|KOU, LIPING - Northwest Agriculture And Forestry University|
|Luo, Yaguang - Sunny|
|XIAO, ZHENLEI - University Of Maryland|
|WANG, QIN - University Of Maryland|
Submitted to: LWT - Food Science and Technology
Publication Type: Peer Reviewed Journal
Publication Acceptance Date: 11/19/2012
Publication Date: 4/1/2013
Publication URL: http://handle.nal.usda.gov/10113/59356
Citation: Kou, L., Luo, Y., Yang, T., Xiao, Z., Turner, E.R., Lester, G.E., Wang, Q. 2013. Postharvest biology, quality and shelf-life of buckwheat microgreens. LWT - Food Science and Technology. 51(1):73-78.
Interpretive Summary: Microgreens (seedlings of green vegetables and herbs) are gaining in popularity as a new culinary ingredient, providing intense flavors, vivid colors, and phytonutrients. However, their short shelf life often results in considerable postharvest losses and necessitates high cost air cargo shipping. The present study investigated the effects of postharvest handling conditions on the quality and shelf life of buckwheat microgreens. Results indicated that modified atmosphere packaging and cold storage are major factors affecting buckwheat microgreen quality. Under the optimized packaging and storage conditions, buckwheat microgreens can be stored for up to 21 days and still retain acceptable quality. This research provides scientific information to the fresh produce industry on how to extend storage life of microgreens by optimizing postharvest handling practices. Significant extension of shelf life makes it possible to ship the microgreens via ground transportation with significant cost savings, which can in part be passed on to the consumer as lower prices in the market.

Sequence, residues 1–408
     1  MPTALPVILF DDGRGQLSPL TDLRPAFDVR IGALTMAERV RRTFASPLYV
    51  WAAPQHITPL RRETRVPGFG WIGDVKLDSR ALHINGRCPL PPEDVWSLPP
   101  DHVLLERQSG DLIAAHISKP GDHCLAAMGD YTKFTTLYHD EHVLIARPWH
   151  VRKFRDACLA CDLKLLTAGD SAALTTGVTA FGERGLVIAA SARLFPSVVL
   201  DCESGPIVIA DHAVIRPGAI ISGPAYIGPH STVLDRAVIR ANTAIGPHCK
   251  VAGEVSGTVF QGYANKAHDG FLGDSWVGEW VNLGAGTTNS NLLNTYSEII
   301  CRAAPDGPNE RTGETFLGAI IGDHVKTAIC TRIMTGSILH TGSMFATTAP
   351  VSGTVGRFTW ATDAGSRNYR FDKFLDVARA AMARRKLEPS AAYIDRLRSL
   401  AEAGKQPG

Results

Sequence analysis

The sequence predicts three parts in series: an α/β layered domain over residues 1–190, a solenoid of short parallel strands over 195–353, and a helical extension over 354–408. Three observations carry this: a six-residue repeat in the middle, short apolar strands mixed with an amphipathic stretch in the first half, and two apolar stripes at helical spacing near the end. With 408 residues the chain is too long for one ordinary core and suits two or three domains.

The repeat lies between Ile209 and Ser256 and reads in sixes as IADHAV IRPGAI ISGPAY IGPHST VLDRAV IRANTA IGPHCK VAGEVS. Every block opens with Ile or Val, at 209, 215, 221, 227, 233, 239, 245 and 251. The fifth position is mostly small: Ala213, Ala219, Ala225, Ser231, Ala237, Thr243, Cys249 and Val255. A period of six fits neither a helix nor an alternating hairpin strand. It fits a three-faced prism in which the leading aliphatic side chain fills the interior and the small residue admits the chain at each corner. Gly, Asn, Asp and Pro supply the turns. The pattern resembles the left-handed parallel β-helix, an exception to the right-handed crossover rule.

Technical Abstract: Buckwheat microgreens are rich in antioxidants and provitamins/vitamins, including flavonoids, carotenoids, and a-tocopherol. However, short shelf life has limited their commercial use. The purpose of this study was to optimize storage conditions to extend the shelf life of buckwheat microgreens. Storage temperature, package film oxygen transmission rate (OTR), and wash conditions were assessed for their effects on quality and shelf life. Temperature significantly (P < 0.0001) affected the package atmosphere and product quality. At the end of storage, samples stored at 5 and 10 °C exhibited lower microbial growth and tissue electrolyte leakage, and higher overall quality scores, than those stored at 15 and 20 °C. Package film OTR significantly (P < 0.05) affected package headspace atmospheric composition, and thus the quality and shelf life of microgreens. Buckwheat microgreens enclosed in optimum OTR package films retained freshness and overall product quality. A chlorine (100 mg/L) wash significantly (P<0.05) reduced the initial microbial populations; however, after 7 days, microbial counts in the washed samples rebounded. These findings indicate that buckwheat microgreens should be stored at 5–10 °C with moderately high O2 and moderately low CO2 levels to maintain optimal quality and achieve maximal shelf life.